The hon. Member says that the trade unions are not making the difficulty. I do not believe they will if they can be certain that they will have permanent employment for a period of years. If we had a programme for 15 years the uncertainty would be removed. It is that uncertainty and the constant fluctuation in policy which have prevented the necessary skilled labour being provided to make up the shortage. It is admitted that a shortage exists. In many cases there have been experiments in substitutes for our present building methods. The substitutes for plastering have always been a failure, but, even if they were practicable, we must get the necessary skilled labour, and that can only be done by good will and pressure on the Government, through the Minister of Health. Many people run away from this question. If we are really in earnest to provide the necessary houses then, surely, the necessary skilled labour must be found. If we get the skilled labour it will mean not only more employment in the building industry, but employment for thousands of other men who are depending for employment upon the skilled trades. I should have liked to elaborate that point, but I have exceeded my time. I hope the Parliamentary Secretary, who is never lacking in courage, will tell us his views and whether there is any prospect in the immediate future of the shortage in one or two branches of skilled labour in house building being made good, because it is only by the shortage being met that we can hope to make up for the shortage of houses.


There is one preliminary observation that I desire to make before dealing with the general questions. The Committee will remember that in his opening speech my right hon. Friend dealt with a statement which had been made by the hon. Member for the Stratford Division of West Ham (Mr. Groves) regarding the attacks on the newly-appointed West Ham Board of Guardians. My right hon. Friend made a complete statement as far as the allegations were concerned which were made the other night, and I have received a message from the hon. Member, which I promised that I would convey to the Committee, that he desires, after having heard the statement of my right hon. Friend, further to investigate the facts, and that he will in that event propose to deal with the matter on a suitable opportunity, which may possibly be afforded to him next week. My right hon. Friend and mys0elf would welcome every investigation of the facts by the hon. Member, and I quite understand his desire to do so before he makes a further statement on the matter.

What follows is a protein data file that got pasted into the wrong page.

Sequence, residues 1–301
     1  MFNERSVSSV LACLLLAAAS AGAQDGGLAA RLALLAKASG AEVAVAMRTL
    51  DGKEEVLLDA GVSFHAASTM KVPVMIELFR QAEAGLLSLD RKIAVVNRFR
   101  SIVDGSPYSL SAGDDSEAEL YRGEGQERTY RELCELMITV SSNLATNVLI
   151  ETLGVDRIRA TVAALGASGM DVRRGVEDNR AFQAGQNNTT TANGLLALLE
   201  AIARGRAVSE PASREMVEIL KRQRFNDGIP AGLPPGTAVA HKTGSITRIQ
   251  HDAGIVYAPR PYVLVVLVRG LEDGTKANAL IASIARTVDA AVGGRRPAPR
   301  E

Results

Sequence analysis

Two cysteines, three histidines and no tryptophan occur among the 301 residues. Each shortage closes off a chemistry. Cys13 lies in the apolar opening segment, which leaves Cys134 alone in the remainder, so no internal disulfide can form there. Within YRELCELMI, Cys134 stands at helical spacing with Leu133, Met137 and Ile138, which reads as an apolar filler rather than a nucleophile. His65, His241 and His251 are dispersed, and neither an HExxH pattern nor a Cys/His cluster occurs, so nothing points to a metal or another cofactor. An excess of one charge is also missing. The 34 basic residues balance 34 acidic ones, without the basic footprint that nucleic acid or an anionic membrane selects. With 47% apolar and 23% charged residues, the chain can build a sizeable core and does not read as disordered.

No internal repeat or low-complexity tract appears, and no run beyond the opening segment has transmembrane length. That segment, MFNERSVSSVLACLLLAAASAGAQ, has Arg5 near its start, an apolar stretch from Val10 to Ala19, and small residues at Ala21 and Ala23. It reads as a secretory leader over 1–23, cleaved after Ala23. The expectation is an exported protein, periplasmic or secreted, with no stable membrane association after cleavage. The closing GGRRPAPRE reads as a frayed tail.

My right hon. Friend may congratulate himself upon the reception of his Estimates to-day. Anyone who has listened to the Debate will agree with me when I say that, beyond a certain number of important but minor criticisms, some of a very technical kind, there have been practically no major or important criticisms concerning the administration of the Ministry of Health during the past year. I expected to see present this afternoon the right hon. Member for Carnarvon Boroughs (Mr. Lloyd George), because in the country he has been taking up a very different attitude from that taken by his supporters this afternoon. I was hoping that he would have given my right hon. Friend and myself an opportunity of replying to some of the statements he has made. On the 13th June, speaking at a Liberal demonstration in the Alexandra Theatre, Stoke Newington, the right hon. Gentleman said: There had been an increase of unnecessary armaments and by that means a piling up of the burdens of taxation, whilst at the same time they (the Government) had diminished national expenditure on real developments. He instanced the developments on health. One does not expect particular accuracy from the right hon. Gentleman as far as figures are concerned; but I think that anyone who has given even a cursory glance to the Estimates of my right hon. Friend's Department must see that a more unfounded statement could not possibly have been made. If hon. Members look at almost any branch of the very many matters which have to be administered by the Minister of Health, they will see that the health services of the country are being well maintained and that increased provision is being made by the State as far as the most important services are concerned. For instance, in connection with housing grants there is an additional expenditure of £965,000 a year. In regard to health insurance grants and miscellaneous grants, mainly of a public health character, and various matters of that kind, there have been increased contributions. Therefore, it is a matter of regret to me that statements should be made on a public platform when there is no foundation for them, and that this afternoon when we have a Liberal Motion, and a Liberal Member making a certain amount of criticism of a perfectly proper character, we should have no suggestions made such as those made by the right hon. Member for Carnarvon Boroughs; suggestions which could not possibly be made in this House.